Formed in Daytona Beach, Florida by brothers Duane and Gregg Allman, The Allman Brothers Band was originally called Hour Glass. Duane went to Muscle Shoals, Alabama to work as a session musician for the recording studios there. The brothers then recruited Jaimoe and Berry Oakley to join their burgeoning group.
In 1969, they moved to Macon, Georgia to join the roster of Capricorn Records, where they moved into a home that later became a museum. They recorded their notable Filmore East album before Duane died in a motorcycle accident in 1971. The next year, Oakley died in another motorcycle accident also in Macon.
After mourning these deaths, the band continued playing. The band broke up in the 1980s but twice reunited. Later career highlights include induction into the Rock and Roll Hall of Fame and a residency at New York City ’s Beacon Theatre. Some of the band’s most famous songs include “Melissa,” “Midnight Rider,” and “Ramblin’ Man.”
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Allman Brothers Band Landmarks in Macon
Big House Museum
The Allman Brothers Band Museum, called The Big House, is a Tudor-style home rented by Berry Oakley and wife Linda in 1970. It became a crash pad for members of the band as well as their friends and families until 1973.
Today, the home functions as a museum with rooms upon rooms of memorabilia, instruments, posters, and everything in between. Some rooms have been restored to how they would have looked when the band looked there. The pool table that Gregg played with Cher is still there. Tours are self-guided and there is an admission fee.
H&H Restaurant is a local legend, a soul food restaurant that was opened in 1959 by Inez Hill and Louise Hudson. Nicknamed “Mama Hill” and “Mama Louise,” the owners had one of the few desegregated restaurants during the Civil Rights Movement. Mama Louise welcomed members of the Allman Brothers Band and fed them when they had little money to offer.
The interior is now decorated with band posters from them and their Southern rock contemporaries and the sign showcases the mushroom symbol associated with them. The restaurant is known for its fried chicken and is open for breakfast and lunch Monday to Saturday.
The building where the Capricorn Records record label and studio that became “ground zero for Southern rock” sits on Cherry Street. It sat vacant for many years but is now open as a studio space, run by Mercer University, and museum. Inside you’ll find artifacts from the period including songs recorded there and famous photos.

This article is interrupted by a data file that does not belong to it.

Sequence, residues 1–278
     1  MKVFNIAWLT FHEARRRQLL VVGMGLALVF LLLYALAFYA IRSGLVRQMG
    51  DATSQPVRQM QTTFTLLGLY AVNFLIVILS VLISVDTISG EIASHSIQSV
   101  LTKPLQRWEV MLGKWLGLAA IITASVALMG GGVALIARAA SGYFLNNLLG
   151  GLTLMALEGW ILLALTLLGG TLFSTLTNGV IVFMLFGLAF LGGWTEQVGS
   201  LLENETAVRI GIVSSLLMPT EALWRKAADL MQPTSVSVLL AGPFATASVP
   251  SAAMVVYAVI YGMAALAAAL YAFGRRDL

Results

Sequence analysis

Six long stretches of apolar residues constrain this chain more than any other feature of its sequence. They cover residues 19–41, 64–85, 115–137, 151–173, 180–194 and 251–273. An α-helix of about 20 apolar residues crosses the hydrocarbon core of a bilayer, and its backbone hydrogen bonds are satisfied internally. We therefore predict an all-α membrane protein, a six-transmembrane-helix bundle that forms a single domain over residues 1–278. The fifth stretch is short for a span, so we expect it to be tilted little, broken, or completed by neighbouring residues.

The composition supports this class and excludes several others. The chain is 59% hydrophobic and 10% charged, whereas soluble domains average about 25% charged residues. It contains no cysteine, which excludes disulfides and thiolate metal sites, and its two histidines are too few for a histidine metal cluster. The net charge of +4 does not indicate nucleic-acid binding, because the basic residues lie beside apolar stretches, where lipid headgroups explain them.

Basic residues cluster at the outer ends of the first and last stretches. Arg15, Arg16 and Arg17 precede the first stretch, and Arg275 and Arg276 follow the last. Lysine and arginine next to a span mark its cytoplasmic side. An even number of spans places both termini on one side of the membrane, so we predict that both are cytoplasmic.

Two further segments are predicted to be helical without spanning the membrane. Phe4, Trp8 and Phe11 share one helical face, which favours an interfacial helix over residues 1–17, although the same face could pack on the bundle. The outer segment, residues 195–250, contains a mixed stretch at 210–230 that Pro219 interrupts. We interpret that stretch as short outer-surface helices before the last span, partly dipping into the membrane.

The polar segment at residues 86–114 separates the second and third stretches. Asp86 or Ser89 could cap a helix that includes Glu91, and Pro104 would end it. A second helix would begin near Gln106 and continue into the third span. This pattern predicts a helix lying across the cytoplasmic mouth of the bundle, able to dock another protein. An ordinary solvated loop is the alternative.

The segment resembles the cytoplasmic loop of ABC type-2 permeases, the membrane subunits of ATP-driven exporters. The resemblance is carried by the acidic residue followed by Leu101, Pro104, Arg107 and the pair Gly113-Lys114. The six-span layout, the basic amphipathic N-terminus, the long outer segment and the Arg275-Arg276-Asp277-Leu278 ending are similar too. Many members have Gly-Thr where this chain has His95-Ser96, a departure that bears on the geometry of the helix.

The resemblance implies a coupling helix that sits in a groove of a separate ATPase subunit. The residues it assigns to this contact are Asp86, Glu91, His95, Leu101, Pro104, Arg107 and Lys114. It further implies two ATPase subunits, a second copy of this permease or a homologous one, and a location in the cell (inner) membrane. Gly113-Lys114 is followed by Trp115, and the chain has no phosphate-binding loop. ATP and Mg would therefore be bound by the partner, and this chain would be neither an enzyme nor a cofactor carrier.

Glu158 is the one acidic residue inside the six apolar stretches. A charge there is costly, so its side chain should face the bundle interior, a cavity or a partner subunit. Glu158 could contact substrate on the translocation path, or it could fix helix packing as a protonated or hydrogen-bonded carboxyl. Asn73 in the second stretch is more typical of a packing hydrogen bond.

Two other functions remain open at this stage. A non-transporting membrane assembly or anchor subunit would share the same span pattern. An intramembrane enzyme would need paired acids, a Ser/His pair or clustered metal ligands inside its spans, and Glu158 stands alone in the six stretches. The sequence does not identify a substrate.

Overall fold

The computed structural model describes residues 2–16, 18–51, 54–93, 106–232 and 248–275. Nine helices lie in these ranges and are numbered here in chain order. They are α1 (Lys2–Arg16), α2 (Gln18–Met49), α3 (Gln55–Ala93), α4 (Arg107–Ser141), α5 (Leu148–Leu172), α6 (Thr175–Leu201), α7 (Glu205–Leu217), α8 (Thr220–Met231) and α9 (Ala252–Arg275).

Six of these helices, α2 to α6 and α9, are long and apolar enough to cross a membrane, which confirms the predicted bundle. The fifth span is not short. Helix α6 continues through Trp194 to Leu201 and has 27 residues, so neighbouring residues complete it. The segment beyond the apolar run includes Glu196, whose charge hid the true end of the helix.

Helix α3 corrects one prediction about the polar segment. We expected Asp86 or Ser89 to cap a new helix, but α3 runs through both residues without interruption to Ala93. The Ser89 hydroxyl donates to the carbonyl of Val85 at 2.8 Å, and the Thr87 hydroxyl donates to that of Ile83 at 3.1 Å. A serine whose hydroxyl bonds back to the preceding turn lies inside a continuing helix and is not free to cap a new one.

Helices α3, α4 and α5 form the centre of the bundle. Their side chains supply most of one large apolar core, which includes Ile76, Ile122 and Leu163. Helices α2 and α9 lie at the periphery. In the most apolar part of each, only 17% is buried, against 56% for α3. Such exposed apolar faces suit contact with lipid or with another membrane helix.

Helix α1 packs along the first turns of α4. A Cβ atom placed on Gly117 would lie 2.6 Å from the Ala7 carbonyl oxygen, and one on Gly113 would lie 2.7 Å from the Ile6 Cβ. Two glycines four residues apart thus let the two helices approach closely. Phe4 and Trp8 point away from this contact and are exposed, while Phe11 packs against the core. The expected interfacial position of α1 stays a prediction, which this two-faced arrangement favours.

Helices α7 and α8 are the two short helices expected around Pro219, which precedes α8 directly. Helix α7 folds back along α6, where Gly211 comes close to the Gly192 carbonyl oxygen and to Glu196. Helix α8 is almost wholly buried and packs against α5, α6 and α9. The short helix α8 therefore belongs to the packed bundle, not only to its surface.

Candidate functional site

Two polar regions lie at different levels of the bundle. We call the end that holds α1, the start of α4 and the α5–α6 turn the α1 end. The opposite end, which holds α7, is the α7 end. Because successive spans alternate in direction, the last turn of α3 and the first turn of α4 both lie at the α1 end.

Formerly the site of Le Bistro, this restaurant was the place to see and be seen, attracting celebrities like Andy Warhol, Jimmy Carter, and Bette Midler for its steak and seafood. It was owned by Capricorn Records Vice President Frank Fenter and his Swedish baroness wife, Kiki.
It was also here that Gregg Allman proposed to Cher in 1973, now memorialized with a plaque. Today it still operates as Downtown Grill, a restaurant with the cozy booths, continuing to serve similar menu items.
Opened in 1971 by Edward Grant Sr., Grant’s Lounge was one of the places the Allman Brothers Band performed and was one of the city’s first integrated bars.
It was also a popular spot for other Capricorn artists like Lynyrd Skynyrd, Marshall Tucker Band, and Wet Willie. Be sure to stop by their “Wall of Fame,” which has photos from all the notable acts and celebrities that have passed through the doors over the years.
Grant’s Lounge is still open for live music most nights of the week.
Rose Hill Cemetery
Rose Hill Cemetery opened in 1840 as the city’s burial ground along the Ocmulgee River. It served as a place of inspiration for the Allman Brothers Band, with a child’s grave leading to the song “Little Martha.” The back cover photo from their album Gold was taken at the cemetery. Duane Allman was buried here in 1971, followed the next year by Berry Oakley.
Both died in motorcycle crashes within a block from one another in Macon. Following his death in 2017, Gregg Allman was also buried in the gated plot. There is a self-guided walking tour of the cemetery that showcases the notable graves, including those of the Allmans and Oakley as well as Eugenia Tucker Fitzgerald, founder of the Alpha Delta Pi sorority.
The Bell House
This historic Bell House was built in 1855 in the Victorian style. It operated for twenty years as Beall’s 1860 Restaurant before being used as offices. The house was used as an album cover for the Allman Brothers Band’s first self-titled album, photographed in 1969 between the columns (pictured below).
Today it is the conservatory for the McDuffie Center for Strings in the Townsend School of Music at Mercer University, created in partnership with virtuoso violinist Robert McDuffie and childhood friend, and R.E.M. bassist, Mike Mills.
Rock Candy Tours
Run by Jessica Walden, whose father and uncle worked in the music industry, and husband Jamie Weatherford, Rock Candy Tours showcases the music history of Macon and the artists that came through the Georgia heartland.
Notable names included in the tour, in addition to The Allman Brothers Band, are Little Richard, Otis Redding, and Jason Aldean. They operate tours on Friday nights and Saturday afternoons.
Additional Sites to Visit
- The Library Ballroom– Located on Mulberry Street, this venue was one the site of the band’s first paid performance. Today it’s a popular site for weddings.
- Crash Sites– Duane crashed at the intersection of Hillcrest and Bartlett, while Berry crashed at Napier and Inverness. There is no marker or place to get out and look around.